Images show Indians painted bright red, brandishing bows and arrows
The photographs of the tribe near the border between Brazil and Peru are rare evidence that such groups exist. A Brazilian official involved in the expedition said many of them are in increasing danger from illegal logging.
"What is happening in this region is a monumental crime against the natural world, the tribes, the fauna and is further testimony to the complete irrationality with which we, the 'civilized' ones, treat the world," Jose Carlos Meirelles was quoted as saying in a statement by the Survival International group.
Comment: Oops, wrong tribe. False alarm. Never mind.
This "lost" tribe has only thatched huts, not massive stone temples. But how do we explain how they've managed to stay hidden? Maybe they're hiding their gold treasure and crystal skulls with their mystical-cosmic magic.
Has any archaeologist ever discovered a lost kingdom or city or temple? I mean one with monumental architecture that an unknown people still inhabited? If so, when was this discovery?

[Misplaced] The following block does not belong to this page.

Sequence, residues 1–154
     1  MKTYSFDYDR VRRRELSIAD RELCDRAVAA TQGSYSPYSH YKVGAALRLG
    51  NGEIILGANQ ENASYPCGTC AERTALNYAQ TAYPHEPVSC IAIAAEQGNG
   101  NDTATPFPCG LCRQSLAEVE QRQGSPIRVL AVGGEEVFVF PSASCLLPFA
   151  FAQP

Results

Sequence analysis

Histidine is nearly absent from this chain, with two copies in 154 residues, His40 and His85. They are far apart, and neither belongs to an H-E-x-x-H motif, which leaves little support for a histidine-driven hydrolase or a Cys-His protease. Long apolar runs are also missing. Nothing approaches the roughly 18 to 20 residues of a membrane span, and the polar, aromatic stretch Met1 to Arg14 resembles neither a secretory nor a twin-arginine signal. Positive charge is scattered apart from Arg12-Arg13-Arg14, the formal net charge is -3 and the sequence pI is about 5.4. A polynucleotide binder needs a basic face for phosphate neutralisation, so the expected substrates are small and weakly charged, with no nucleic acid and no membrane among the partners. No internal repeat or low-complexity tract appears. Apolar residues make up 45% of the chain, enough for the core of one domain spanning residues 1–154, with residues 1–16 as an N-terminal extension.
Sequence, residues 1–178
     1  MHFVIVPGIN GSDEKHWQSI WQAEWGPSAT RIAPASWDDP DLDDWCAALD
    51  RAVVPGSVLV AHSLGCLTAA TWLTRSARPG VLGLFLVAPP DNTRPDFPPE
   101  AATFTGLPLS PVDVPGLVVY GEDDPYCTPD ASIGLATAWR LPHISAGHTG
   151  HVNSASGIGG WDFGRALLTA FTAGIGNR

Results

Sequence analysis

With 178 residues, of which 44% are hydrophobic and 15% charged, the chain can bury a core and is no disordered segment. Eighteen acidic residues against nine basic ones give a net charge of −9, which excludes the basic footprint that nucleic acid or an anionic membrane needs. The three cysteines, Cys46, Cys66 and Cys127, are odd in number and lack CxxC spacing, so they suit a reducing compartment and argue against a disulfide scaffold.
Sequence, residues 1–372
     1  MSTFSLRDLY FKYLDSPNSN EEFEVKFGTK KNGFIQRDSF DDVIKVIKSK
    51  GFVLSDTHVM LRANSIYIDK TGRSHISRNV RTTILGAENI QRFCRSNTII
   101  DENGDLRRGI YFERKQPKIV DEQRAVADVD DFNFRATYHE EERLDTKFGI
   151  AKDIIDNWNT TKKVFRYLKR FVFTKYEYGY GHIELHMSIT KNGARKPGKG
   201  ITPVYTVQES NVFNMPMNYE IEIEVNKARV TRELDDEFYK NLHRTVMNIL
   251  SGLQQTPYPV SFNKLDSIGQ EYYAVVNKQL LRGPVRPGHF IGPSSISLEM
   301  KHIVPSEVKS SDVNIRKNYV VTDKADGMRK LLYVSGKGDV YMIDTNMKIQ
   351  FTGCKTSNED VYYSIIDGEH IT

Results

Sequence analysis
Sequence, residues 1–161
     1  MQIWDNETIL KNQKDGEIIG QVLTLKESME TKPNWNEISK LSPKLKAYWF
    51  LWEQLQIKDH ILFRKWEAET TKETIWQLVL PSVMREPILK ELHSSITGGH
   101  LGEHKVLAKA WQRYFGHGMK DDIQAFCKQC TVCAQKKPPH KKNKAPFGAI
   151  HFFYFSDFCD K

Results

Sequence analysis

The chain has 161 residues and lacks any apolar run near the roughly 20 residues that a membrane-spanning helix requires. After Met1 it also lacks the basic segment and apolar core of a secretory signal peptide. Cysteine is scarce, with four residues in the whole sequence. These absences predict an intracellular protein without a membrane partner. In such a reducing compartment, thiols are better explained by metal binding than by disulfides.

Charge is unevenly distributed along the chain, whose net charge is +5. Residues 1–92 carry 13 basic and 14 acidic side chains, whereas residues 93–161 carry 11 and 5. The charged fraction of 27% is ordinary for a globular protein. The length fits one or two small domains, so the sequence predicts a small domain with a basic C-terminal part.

If not, where exactly did this stereotype come from? And why are we still talking about it? Aren't we a little old to be daydreaming of imaginary cities of gold?
I think genies, mermaids, and unicorns are nice too, but I don't see them in any pseudo-realistic movie about archaeology. Only Indians get stereotyped this way. Only they get associated with fantasy motifs even though they're real.
I don't recall any modern-day movies featuring primitive Africans or Asians guarding secrets in ruins--except Indiana Jones and the Temple of Doom, of course. But this is all too common in Native-themed movies. Stereotyping Indians is the last acceptable prejudice.
We see this again and again and again. Americans wouldn't accept sports teams named Chinks or Wetbacks, but Redskins and Braves are okay. They wouldn't accept a beer or strip club named Martin Luther King, but naming it Crazy Horse is okay. They wouldn't accept statues of half-naked Zulu warriors, but half-naked Lakota warriors are okay. Etc.
These things are connected. And movies like Kingdom of the Crystal Skull only perpetuate the problem. Fortunately, we can read the news (above) and learn what "lost" tribes are really like.
For more on the subject, see Indiana Jones and the Stereotypes of Doom.